App developers are lining up to use an application programming interface that will let Medicare beneficiaries share their claims data with third-party apps.

So far, more than 600 developers have signed up to experiment with the API. The Blue Button 2.0 API leverages HL7’s Fast Healthcare Interoperability Resources (FHIR) standard for beneficiary data and the OAuth 2.0 standard for beneficiary authorization. Developers can build integrations to access more than four years of Medicare Part A, B and D data for 53 million Medicare beneficiaries.

“We’re trying to create this ecosystem where app developers can go and create tools that are really useful for beneficiaries and hopefully for the wider patient population,” said Mark Scrimshire, entrepreneur-in-residence at NewWave Telecoms and Technologies, who is currently on assignment as Blue Button 2.0 innovator at the Center for Medicare and Medicaid Services.

Bloomberg/file photo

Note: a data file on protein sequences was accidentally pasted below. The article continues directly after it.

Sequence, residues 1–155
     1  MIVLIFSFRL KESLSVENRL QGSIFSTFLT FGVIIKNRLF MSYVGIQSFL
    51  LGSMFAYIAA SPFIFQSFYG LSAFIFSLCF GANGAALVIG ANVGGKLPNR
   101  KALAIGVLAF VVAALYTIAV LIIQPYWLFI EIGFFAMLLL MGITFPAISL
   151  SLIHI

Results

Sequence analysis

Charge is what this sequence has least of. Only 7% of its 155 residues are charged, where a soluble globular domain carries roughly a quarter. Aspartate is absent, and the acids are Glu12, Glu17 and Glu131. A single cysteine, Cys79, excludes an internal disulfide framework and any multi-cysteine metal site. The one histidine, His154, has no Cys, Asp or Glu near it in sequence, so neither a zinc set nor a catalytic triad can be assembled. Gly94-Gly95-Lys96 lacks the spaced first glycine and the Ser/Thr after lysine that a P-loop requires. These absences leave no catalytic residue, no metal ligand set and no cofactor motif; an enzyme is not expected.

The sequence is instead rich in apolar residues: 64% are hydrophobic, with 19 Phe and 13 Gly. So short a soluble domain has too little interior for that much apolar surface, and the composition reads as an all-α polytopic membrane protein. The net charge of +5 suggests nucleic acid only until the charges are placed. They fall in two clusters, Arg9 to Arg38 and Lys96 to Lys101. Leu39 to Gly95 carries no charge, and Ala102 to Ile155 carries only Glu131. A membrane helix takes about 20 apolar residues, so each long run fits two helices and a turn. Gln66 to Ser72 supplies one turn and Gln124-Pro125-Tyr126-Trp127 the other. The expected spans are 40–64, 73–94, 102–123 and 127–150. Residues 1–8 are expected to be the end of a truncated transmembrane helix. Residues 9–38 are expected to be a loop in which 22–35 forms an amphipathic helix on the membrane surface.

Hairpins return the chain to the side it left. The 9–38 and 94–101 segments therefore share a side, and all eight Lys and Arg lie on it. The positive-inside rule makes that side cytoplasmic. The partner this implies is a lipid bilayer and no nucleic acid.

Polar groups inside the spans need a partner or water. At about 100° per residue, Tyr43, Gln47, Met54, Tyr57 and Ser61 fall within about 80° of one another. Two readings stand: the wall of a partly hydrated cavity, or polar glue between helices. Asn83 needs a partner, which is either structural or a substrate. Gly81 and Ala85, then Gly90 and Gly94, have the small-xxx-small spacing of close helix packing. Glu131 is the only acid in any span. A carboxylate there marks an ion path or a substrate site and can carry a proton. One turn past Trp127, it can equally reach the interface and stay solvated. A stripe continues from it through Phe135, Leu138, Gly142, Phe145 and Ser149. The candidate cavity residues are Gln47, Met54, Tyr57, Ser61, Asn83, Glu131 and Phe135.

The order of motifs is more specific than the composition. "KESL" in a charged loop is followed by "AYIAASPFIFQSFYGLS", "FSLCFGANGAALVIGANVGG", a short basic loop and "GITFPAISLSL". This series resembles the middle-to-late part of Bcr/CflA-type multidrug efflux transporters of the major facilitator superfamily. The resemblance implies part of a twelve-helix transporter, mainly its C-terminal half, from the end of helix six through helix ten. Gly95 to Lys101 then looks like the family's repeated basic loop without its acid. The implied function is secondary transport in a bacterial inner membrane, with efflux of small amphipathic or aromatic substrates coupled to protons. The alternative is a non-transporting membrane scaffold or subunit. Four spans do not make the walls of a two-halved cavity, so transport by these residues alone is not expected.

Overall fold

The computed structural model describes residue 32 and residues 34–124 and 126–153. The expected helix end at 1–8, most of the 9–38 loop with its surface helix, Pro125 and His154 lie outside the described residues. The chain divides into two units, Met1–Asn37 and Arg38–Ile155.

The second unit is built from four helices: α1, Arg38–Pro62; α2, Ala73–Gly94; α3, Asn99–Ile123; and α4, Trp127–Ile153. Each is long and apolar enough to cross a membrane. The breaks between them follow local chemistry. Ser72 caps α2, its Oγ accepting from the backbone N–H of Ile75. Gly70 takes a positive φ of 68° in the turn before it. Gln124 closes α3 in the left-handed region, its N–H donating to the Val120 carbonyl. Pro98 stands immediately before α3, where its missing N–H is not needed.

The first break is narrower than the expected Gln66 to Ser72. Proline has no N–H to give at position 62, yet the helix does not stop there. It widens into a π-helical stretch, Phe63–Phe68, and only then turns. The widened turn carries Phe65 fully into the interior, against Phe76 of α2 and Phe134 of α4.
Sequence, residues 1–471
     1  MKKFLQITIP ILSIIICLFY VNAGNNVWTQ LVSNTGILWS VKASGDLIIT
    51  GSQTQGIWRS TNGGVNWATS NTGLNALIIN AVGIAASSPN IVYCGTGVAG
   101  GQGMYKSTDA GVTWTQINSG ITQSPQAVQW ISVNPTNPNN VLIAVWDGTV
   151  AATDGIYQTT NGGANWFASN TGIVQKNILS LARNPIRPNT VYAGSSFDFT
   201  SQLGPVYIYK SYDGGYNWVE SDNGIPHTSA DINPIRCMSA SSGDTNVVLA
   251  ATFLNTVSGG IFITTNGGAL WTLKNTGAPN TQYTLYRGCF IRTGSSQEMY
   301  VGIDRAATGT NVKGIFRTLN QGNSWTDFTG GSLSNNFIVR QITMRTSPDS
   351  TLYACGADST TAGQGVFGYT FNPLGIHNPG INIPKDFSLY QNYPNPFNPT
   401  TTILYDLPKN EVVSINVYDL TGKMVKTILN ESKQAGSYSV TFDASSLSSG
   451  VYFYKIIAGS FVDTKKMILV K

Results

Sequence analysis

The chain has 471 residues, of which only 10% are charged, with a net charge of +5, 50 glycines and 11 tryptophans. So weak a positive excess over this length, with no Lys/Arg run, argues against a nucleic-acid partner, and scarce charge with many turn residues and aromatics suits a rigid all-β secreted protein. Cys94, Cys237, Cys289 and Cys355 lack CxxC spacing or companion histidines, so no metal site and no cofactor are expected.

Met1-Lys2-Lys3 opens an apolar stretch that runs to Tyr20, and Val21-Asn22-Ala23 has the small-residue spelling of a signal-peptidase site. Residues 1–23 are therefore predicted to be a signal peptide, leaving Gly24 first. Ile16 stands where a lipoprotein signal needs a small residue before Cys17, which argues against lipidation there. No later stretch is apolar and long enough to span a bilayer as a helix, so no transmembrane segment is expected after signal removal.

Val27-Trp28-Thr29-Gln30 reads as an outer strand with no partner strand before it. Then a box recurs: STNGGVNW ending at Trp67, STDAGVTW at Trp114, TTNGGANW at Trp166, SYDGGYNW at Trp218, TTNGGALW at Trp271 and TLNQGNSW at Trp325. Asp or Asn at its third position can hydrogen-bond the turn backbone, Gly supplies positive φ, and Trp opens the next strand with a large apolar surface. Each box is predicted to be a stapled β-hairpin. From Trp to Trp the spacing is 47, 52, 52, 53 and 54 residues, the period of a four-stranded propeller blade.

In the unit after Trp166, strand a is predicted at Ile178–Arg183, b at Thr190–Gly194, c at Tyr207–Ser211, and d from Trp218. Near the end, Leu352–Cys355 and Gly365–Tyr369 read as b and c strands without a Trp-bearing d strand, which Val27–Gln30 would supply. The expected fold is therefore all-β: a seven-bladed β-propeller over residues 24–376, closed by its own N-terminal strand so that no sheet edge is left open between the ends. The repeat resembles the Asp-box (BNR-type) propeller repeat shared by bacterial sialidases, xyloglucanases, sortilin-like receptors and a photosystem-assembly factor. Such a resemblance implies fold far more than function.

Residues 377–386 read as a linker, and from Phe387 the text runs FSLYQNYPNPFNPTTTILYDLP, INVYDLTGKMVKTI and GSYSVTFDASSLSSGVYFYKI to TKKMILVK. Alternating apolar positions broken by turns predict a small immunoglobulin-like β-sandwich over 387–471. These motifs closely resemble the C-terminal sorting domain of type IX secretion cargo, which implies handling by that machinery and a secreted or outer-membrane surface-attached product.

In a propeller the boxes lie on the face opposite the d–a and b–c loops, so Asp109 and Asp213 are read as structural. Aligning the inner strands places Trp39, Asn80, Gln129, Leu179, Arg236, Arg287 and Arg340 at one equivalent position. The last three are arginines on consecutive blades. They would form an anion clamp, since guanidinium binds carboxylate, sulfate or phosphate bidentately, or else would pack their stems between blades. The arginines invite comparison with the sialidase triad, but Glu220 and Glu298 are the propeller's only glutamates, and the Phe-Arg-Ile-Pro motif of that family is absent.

According to Scrimshire, the goal from the start was to build a developer-friendly, standards-based API so that Medicare beneficiaries can access and share their claims data in a universal digital format.

“We built Blue Button 2.0 on top of FHIR,” Scrimshire told the Office of the National Coordinator for Health IT’s Interoperability Forum this week in Washington. “We’re making life easier for developers to work with the data. It’s going to take this wealth of data and turn it into useful information and actionable insights.”

In March, CMS announced the launch of the Blue Button 2.0 API at the HIMSS18 conference as part of the MyHealthEData initiative, an effort to put patients in control of their own healthcare information.

Also See: CMS launches Blue Button 2.0 to free up claims data

“With Blue Button 2.0, CMS is doing its part to support the MyHealthEData initiative,” Administrator Seema Verma told ONC’s Interoperability Forum. “CMS is leading to support MyHealthEData by releasing more data and taking action to drive interoperability and patient control of their data. We are calling on industry to follow our lead and step up to the challenge. It’s time for the rest of the industry to do its part. I have called on insurers to begin releasing claims data as we did with Blue Button 2.0, and make data available to patients.”

Verma also noted that a Blue Button 2.0 developer conference—which is at capacity—is being held on August 13 in Washington.

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